On A Higher Mission

NASA's first black flight director executes International Space Station expeditions and space shuttle flights

Kwatsi Alibaruho is stationed firmly on the ground at Johnson Space Center in Houston, but his technical and leadership capabilities influence spaceships traveling more than 200 hundred miles above Earth. Alibaruho is the first African American to rise to the post of flight director for the National Aeronautics and Space Administration. He is responsible for the general management and carrying out of International Space Station expeditions.

The 35-year-old graduate of the Massachusetts Institute of Technology works at Mission Control, leading an elite team of flight controllers, engineering experts, and support staff. Alibaruho went on duty in August 2005 after completing more than 700 hours of flight director training.

For his first lead assignment as flight director, Alibaruho and his team successfully docked a Russian cargo vehicle with the ISS in December 2005. “I was nervous, but confident,” recalls Alibaruho. Tension was heightened during the critical docking stage. If anything went wrong, technically, it could have been a disaster because the two vehicles could damage each other when they touched. “Everybody’s looking at you, thinking, ‘OK, they say you are the man. What have you got?’” Alibaruho recalls.

Competition for NASA flight director positions is intense, second only to astronaut selection. Alibaruho has qualifications; he was one of only nine new flight directors chosen out of a pool of 241 applicants. His first test was how well he performed his first lead assignment.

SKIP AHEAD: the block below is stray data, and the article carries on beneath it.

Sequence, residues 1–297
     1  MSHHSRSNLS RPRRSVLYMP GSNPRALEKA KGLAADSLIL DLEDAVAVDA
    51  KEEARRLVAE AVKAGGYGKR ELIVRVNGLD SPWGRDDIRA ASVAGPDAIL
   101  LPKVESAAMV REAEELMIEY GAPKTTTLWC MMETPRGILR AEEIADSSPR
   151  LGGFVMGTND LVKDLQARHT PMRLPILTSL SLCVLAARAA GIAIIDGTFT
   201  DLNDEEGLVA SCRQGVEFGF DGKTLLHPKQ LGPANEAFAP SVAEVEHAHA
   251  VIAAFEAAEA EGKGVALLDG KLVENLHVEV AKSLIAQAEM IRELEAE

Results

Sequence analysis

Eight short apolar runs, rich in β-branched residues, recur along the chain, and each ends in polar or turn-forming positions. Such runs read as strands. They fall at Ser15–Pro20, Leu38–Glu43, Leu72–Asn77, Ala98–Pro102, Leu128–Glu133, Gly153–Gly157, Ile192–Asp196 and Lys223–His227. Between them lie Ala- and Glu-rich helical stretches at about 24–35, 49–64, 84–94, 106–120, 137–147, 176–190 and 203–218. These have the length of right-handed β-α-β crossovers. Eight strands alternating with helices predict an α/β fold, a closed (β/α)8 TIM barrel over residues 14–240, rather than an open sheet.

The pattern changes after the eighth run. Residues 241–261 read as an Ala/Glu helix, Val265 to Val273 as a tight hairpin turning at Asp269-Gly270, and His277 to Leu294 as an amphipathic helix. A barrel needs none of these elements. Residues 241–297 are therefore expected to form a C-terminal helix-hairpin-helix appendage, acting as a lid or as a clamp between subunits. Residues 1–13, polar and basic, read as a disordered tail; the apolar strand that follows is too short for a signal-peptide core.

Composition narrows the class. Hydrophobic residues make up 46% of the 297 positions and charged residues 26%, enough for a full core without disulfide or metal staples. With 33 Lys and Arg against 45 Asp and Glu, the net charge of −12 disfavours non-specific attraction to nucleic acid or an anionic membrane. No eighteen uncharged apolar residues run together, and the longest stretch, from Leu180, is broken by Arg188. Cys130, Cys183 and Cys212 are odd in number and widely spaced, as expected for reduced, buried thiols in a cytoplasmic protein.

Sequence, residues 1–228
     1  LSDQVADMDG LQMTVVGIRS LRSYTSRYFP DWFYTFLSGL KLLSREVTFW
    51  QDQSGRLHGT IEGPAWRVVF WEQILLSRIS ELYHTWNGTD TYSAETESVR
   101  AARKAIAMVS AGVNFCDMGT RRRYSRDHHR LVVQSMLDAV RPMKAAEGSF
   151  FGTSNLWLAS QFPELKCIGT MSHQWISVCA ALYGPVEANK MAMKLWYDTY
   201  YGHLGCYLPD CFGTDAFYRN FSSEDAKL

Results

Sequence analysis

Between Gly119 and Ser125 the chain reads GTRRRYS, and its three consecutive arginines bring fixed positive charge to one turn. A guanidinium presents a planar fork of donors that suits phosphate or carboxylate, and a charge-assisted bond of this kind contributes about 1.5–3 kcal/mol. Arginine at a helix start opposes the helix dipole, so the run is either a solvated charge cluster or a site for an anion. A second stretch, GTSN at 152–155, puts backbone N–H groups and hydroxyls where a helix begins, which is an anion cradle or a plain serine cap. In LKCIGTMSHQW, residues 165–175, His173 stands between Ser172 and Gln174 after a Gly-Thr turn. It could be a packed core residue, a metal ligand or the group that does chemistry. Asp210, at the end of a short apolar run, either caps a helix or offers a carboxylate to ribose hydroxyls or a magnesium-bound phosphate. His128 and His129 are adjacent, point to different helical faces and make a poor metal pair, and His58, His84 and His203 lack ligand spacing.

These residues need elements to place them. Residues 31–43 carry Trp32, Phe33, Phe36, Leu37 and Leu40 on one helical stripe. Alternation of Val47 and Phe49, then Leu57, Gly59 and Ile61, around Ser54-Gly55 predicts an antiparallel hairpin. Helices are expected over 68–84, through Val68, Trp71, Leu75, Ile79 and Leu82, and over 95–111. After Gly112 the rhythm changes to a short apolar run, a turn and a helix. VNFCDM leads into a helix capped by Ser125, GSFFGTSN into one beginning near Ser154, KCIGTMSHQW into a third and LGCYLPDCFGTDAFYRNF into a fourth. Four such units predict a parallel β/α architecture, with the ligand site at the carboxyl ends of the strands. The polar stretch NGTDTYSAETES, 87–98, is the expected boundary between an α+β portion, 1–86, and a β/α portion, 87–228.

Alibaruho is not only a brilliant tech guru, he is an outstanding leader who deploys superb people skills, says Carey Cobb, a NASA training manager at Johnson Space Center. He has an aptitude for “seeing the big picture of a problem and then understanding how to orchestrate a solution through a team of people,” Cobb adds.

Alibaruho, the son of a Ugandan father and American mother, liked science-fiction as a child and started aiming for MIT while in junior high school. He received an undergraduate degree in avionics from MIT in 1994 and was employed by NASA in 1995.

Alibaruho is excited about the country’s drive to put a man on Mars. He says it will stimulate the U.S. educational system to produce more engineers and scientists of all ethnicities. Currently, fewer than 10% of the 15,000 civil servants and contractors working at the Johnson Space Center, estimates Alibaruho, are African Americans.

Alibaruho has no strong desire to travel into space himself. During his career at NASA, he wants to play a role when the U.S. returns to the moon, establishes a lunar colony, and sends people to Mars. He hopes to serve as either a flight director, a position usually held for seven to 10 years, or a program manager. In September he will be one of six flight directors when the space shuttle docks at the International Space Station.

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